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« ’The rest is just conversation’ | Main | Attack Dogs of Christendom »

August 29, 2007

RE: ’The rest is just conversation’


That's Stuttaford for you. Some of his opinions make tons of sense. Others make you scratch your head. As always, it comes down to worldview, and he's made it clear in numerous places that his is an agnostic, utilitarian one.

As you say, Steyn nails it, summarizing nicely:

Only one hundred people out of 300 million get to be U.S. senators. Granted a wide public tolerance for creeps and weirdoes, an understanding that one will not solicit sex in airport men's rooms is about the minimum entry qualification.

The fact that there are a surprising number of what Steyn calls "creeps and weirdoes" among the (supposed) elite who represent us on Capitol Hill is a reminder that the sin nature -- which Stuttaford cannot acknowledge -- is not a respecter of status.

In fact, status is one of its most effective pressure points.

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Grizzly Mom

I understand the Senator plead guilty to gazing into a stall, tapping his foot and passing his hander under the divider. The undercover police officer occupying the stall said this was a recognized signal to solicit sex. While having public sex would be lewd, why is soliciting for it illegal? Don’t Minneapolis police have more important matters to address such as murders, rapes and violent crimes? Yes it sounds like an attempt at adultery which is a sin, but is it a crime when a man at the department store mall, work or that church elder looked at me “like that?” Because most people don’t have gaydar (or straightdar), they solicit those they to whom they are attracted. Gay men are attracted to hunky guys like Rock Hudson (and all other kinds of men) just like women would be. Men need to learn to take it as a compliment and just say no. Women have been doing that for all time.


The real issue here seems to be that of what constitutes a crime, albeit any two people having sex in a public place is or should be grounds for arrest, I don't see how making a paticular motion or signal is really grounds. If that be the case, then gangs wouldn't be a problem, if the person is wearing a gang color, jacket etc. Then just arrest them. We're rapidly sliding down the proverbial slippery slope.


I suppose I am really confused. A local state legislator was arrested at a park, known as a cruising place, for the same thing. It is a big deal on the media. Apparantly the restroom in Minneapolis is a known cruising place, at least to those who cruise.

On the other hand, this is the confusing part, the Mayor of Fort Lauderdale is under a vicious barrage by the activists and the papers for enforcing the laws in place and arresting those who are engaging in the illegal behaviors at a known cruising place.

This doesn't add up. Either the behavior are acceptable as the Mayors opponents would posit, or they are unacceptable and as it seems to be for Messrs Allen and Craig would subject them to the hightest scrutiny and ridicule.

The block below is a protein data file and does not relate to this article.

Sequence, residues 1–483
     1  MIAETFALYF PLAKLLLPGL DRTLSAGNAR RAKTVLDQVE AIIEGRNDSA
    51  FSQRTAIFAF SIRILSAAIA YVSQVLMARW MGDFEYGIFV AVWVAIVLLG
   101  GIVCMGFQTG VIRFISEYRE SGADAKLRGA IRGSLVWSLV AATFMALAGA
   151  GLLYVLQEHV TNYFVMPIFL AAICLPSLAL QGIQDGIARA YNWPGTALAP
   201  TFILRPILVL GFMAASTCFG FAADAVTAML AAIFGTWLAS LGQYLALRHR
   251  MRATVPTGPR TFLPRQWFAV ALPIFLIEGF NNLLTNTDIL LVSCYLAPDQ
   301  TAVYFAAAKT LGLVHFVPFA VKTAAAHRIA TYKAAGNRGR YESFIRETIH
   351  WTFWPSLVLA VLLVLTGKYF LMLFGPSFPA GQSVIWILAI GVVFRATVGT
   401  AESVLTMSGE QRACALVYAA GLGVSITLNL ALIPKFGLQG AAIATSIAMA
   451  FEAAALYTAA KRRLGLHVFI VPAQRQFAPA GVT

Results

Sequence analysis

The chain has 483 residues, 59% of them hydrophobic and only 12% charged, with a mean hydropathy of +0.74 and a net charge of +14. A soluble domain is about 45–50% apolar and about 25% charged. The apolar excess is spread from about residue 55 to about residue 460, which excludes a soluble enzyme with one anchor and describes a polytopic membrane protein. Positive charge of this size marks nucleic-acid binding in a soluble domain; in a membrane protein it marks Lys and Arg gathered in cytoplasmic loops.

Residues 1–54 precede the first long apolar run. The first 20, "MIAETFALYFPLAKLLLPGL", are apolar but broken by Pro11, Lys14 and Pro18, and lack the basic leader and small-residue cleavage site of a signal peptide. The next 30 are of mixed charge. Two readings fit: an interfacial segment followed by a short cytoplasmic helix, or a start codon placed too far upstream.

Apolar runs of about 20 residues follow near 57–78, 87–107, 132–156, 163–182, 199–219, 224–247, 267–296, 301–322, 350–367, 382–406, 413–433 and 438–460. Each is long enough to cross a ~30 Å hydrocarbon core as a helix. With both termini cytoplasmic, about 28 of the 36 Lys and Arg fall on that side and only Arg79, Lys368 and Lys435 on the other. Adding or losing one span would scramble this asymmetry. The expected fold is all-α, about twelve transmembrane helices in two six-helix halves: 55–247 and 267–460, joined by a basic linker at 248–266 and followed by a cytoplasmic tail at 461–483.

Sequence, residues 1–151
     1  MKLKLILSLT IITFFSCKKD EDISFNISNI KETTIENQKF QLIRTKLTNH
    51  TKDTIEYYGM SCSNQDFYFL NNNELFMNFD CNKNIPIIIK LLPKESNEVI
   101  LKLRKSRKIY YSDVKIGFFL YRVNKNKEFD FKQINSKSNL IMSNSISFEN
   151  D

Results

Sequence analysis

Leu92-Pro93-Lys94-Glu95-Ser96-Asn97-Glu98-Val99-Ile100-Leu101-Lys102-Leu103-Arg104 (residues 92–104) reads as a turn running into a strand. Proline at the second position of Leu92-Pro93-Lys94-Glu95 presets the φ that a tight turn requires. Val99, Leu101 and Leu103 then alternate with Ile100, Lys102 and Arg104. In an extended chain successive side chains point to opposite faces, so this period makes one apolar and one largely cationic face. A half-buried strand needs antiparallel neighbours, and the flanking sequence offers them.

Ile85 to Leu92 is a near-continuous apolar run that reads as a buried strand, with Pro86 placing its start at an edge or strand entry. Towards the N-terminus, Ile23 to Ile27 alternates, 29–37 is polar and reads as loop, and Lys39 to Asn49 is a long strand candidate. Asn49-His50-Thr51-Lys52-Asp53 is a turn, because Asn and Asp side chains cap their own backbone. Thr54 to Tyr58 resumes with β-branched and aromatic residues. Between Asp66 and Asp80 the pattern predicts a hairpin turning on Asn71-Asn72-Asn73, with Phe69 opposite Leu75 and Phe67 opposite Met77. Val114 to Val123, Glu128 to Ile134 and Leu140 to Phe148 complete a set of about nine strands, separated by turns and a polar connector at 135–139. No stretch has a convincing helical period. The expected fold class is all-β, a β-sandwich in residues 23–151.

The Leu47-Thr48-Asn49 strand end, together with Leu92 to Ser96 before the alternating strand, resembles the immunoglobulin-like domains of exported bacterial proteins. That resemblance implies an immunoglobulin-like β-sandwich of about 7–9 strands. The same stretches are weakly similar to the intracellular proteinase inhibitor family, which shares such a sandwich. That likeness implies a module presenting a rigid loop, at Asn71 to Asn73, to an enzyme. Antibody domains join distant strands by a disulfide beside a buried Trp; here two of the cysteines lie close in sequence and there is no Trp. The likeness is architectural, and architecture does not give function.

We have unhinged our culture from truth and now we have no benchmark to judge.

It would appear from that which is coming out that certain gentlemen have voilated the important principle of being where kings ought to be in the springtime, out to war.

I would also hazard that neither one of these men woke up one morning and decided to live this way, no matter how long ago it started. It was a long series of exposures to that which the culture considers innocuous, victimless and protected by the First Amendment.

Stephen Skeete

I have read in the news about the Senator who was arrested for soliciting sex.

I have also read the views of many who believe that what the senator was doing was his business, and others who say soliciting sex from a male in a public restroom is not a crime, but having sex in a public wash room with another male is.

My question is, is soliciting sex with another males against the law in the State in which it occurred? Do not Senators help to pass laws and enact legislation? Should Senators break the very laws they are responsible for helping to enact?

Does not inability to uphold the laws of the country or state disqualify an individual from the Senate? Would any voter vote for someone whom they know is a habitual law breaker?

Having asked those questions though I must say I feel very sorry for the senator.

Imagine how difficult it must be for someone in his position, married, with children, living this kind of lifestyle, dodging and peeping and hiding, and hoping not to get caught.
What a relief it must have been for him to have been caught! Now he can either get some "help", or honestly be what he believes he is.

Is he fit to be a Senator? If by a Senator one imagines an honest, decent, law-abiding, faithful person of integrity, the answer is obvious.

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